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2006 Rematch: Kentucky vs. Clemson in the Music City Bowl

It is official now, and the Kentucky Wildcats will face the Clemson Tigers in a rematch of the 2006 Gaylord Hotels Music City Bowl.  John Clay summarizes thus:

The chance of finishing second in the SEC East with a trip to sunny Tampa and the Outback Bowl dissolved into the reality of a fourth-place finish and a get-well card from their old friends in Nashville.

We know you're disappointed, but we've been there for you before, and we're here again. You had a great time your last two visits. Remember? You'll have a great time again. We promise.

Indeed.  We are all bitterly disappointed by the overtime loss to Tennessee, but I remember the excitement when we first went to the MCB three years ago.  It was the rebirth of Kentucky football, and since then, the football team has ceased being the red-headed step child of Kentucky athletics and is now doing the school and its fans proud.

Add to that the benefit of Nashville being an easy place to get to for most Kentucky fans, just a few hours down I-65.  In tough economic times, there could hardly be a better destination to provide a maximum Wildcat turnout.

Unlike the last MCB trip, this one will be broadcast live on ESPN Prime Time on Sunday, December 27th at 7:30 CST (8:30 EST).  Tickets are still available to the game at all levels, apparently, plus travel packages will be offered.

As far as the bowl destination is concerned, Rich Brooks unsurprisingly waxes pragmatic:

"It definitely could have been a lot worse; just ask a few teams who are going other places that are upset that they aren't going where we are," Brooks said. "And we're upset that we aren't going where somebody else is going. So that's all part of the equation."

For my money, either Birmingham or Shreveport is a worse destination, even though they are both in a somewhat warmer clime.

More after the jump.

Kentucky's opponent in this year's Music City Bowl will once again be the Clemson Tigers, the Wildcat's first bowl victim in many years back in 2006.  Clemson finished second in the ACC and unquestionably deserved to play in the Gator Bowl.  But surprisingly, the Gator Bowl chose home-state Florida State with it's pick instead of the Tigers, who should have been first in line, apparently because of the economics of a retiring Bobby Bowden.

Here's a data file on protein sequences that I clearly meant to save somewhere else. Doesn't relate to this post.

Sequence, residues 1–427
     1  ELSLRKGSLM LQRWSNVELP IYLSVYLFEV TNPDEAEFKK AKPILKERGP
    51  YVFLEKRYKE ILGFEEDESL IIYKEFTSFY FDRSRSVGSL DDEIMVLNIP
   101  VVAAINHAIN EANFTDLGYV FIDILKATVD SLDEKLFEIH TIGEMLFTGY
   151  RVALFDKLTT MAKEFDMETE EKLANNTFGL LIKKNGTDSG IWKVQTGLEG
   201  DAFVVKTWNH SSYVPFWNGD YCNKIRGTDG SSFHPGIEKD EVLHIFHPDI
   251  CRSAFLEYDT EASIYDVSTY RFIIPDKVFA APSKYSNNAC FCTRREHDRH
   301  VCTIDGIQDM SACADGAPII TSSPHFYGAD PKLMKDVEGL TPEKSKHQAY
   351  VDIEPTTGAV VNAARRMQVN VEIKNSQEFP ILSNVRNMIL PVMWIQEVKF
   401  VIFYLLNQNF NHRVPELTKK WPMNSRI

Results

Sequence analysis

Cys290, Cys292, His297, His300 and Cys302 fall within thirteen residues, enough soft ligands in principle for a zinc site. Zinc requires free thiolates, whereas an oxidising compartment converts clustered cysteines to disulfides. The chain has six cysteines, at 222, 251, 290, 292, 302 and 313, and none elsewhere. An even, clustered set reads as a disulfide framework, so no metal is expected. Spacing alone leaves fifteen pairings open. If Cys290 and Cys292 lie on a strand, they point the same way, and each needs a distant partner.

Naturally, Clemson fans were rightly incensed, but in the smaller bowls, economics rule the roost, and these are, as I said, tough times.  Ivan Maisel of ESPN explains:

1. The Atlantic Coast Conference and some members are upset that the Gator Bowl bypassed four league teams with at least eight wins, including Atlantic Division winner Clemson, to take 6-6 Florida State. The Gator Bowl wants the sellout that Bobby Bowden’s final game will bring. The ACC has a rule that bowls may pick a team within one win of the best available team. The Gator shrugged. This is the last year of the ACC/Gator contract. Divorce is never pretty.

Heh.  Clemson didn't just get jobbed, this was a "Shut up, bend over and smile big for the cameras.  Our agreement means something only when it's to our advantage."  Ouch.  Unethical act by the Gator Bowl, no question.  Florida State should have declined.  In fact, the ACC should have insisted FSU decline.  It's their rule, after all, even if it meant giving the Gator a non-ACC pick.  I guess rules can be waived when they are inconvenient.

But no matter.  Clemson gets Nashville, and the Wildcats.  They had better get over their despondency quickly, becuse even though UK is also disappointed, they are a lot closer to the, "Just happy to be here" thinking than the Tigers are.

We'll have more on the Music City Bowl as we move closer to the big day.